M-3/M3A1 Sub Machinegun Grease Gun
by Tim Davis

In WWII the US Army was searching for a feasible replacement to the Thompson M1A1 sub machinegun. The military reviewed various plans, but they simply could not get the idea across that they wanted something lightweight and rugged, not something that looked good and had a stock made out of polished wood. The British Sten and the German MP40 provided a good example of what the Army was looking for. Frustrated, the Army took on the task themselves. They assembled a team at Aberdeen Proving Grounds and came up with the M3. The gun was made from stamped metal, fired a .45 caliber round but could also be modified to fire the 9-mm parabellum. The weapon was adopted and went into service in December 1942, and remained in first-line service until 1960.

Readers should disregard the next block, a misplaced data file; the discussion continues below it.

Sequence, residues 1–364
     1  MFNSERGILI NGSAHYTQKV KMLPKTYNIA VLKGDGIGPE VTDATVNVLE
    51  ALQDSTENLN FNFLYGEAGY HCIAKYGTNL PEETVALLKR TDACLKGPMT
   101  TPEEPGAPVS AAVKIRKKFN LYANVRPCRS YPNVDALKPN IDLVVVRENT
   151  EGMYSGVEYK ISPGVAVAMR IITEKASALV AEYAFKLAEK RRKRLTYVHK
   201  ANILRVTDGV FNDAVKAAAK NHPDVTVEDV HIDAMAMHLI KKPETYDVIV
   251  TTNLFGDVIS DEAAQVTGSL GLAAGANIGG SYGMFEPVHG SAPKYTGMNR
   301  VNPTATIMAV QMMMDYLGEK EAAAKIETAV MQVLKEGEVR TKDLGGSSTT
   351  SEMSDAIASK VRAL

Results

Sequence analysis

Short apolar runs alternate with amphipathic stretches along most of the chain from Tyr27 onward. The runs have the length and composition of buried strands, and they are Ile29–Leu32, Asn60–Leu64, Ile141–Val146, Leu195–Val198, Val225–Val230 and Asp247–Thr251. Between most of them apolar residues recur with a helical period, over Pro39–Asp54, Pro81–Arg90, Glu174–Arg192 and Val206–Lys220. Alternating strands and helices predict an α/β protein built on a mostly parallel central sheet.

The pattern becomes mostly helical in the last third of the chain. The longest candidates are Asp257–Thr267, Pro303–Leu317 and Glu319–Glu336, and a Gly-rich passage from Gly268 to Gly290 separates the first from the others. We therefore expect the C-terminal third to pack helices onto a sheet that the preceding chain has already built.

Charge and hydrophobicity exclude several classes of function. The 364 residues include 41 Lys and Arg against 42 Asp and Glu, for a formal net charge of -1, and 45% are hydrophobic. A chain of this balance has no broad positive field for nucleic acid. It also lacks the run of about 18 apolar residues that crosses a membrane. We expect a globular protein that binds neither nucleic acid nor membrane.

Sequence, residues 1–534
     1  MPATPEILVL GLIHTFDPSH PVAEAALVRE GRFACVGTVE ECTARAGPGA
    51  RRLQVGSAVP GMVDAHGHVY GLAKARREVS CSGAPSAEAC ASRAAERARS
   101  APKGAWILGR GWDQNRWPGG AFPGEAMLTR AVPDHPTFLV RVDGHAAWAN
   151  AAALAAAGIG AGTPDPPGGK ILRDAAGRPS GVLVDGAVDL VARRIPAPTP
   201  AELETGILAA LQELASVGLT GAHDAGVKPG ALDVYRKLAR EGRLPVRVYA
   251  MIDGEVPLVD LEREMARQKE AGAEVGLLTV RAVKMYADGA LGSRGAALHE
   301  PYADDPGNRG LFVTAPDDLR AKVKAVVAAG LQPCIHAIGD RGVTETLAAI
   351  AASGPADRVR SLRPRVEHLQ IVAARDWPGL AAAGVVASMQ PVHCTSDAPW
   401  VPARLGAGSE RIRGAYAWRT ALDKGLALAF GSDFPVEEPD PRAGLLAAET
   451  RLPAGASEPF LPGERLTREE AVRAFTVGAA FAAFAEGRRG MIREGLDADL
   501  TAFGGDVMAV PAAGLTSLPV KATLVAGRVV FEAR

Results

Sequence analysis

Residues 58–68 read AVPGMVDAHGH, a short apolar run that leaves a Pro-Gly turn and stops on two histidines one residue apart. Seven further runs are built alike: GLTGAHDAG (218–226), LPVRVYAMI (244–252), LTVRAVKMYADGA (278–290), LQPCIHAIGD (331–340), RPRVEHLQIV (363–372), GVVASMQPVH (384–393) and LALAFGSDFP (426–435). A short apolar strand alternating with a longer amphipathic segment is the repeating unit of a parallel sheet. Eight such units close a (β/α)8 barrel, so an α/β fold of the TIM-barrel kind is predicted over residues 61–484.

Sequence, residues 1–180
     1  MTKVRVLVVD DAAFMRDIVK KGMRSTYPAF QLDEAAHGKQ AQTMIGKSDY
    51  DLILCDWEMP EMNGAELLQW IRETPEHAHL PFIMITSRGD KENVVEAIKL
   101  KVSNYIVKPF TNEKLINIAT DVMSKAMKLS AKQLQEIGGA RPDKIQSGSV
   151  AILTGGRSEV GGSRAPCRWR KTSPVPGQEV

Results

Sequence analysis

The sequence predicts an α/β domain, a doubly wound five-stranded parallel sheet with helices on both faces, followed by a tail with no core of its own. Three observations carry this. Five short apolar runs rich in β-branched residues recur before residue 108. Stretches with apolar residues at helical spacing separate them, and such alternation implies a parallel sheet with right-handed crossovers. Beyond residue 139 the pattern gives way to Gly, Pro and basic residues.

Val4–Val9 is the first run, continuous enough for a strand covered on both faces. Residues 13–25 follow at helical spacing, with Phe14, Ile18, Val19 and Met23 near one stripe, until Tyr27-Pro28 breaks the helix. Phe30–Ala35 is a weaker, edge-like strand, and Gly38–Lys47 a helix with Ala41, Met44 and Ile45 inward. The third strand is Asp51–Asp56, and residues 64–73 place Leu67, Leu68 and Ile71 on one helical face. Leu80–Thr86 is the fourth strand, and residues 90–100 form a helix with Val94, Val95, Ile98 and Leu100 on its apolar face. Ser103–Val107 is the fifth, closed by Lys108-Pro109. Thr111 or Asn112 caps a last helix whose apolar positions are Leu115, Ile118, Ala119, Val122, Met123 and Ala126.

A finger hole was drilled in the bolt which allowed the soldier to pull it back. This was the version my father used in Korea and I was first exposed to as a kid. Re-designated the M3A1, the gun was also modified with a magazine loading device attached to the wire stock. A flash suppressor could be fitted to both models. Some of the 9-mm M3's were also fitted with sound suppressors for clandestine use.


M3 Grease gun Army Ranger Weapon


Primary Function Close Quarter Battle
Manufacturer General Motors Corporation
and Ithaca Gun Company
Caliber .45 or 9-mm parabellum
Length
   ·Extended
   ·Retracted
 
29.3 in
22.4 in
Weight 8.1 lbs
Effective Range 100 m
Operation Blowback
Type of Fire Automatic
Muzzle Velocity 280 m/sec
Sight Front - blade
Rear - aperture
Magazine 30 rd box type
Cyclic rate 350 - 450 rpm